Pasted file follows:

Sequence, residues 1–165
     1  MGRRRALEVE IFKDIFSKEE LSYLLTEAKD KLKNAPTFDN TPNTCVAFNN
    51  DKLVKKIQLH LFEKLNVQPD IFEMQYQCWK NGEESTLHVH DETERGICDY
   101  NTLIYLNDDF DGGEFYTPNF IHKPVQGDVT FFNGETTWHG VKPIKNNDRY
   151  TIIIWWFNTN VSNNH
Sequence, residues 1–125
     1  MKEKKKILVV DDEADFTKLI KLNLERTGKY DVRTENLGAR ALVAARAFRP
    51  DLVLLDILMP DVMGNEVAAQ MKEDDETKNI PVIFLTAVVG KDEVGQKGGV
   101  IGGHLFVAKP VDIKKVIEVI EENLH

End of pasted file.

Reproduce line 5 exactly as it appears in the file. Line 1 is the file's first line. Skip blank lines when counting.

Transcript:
   151  TIIIWWFNTN VSNNH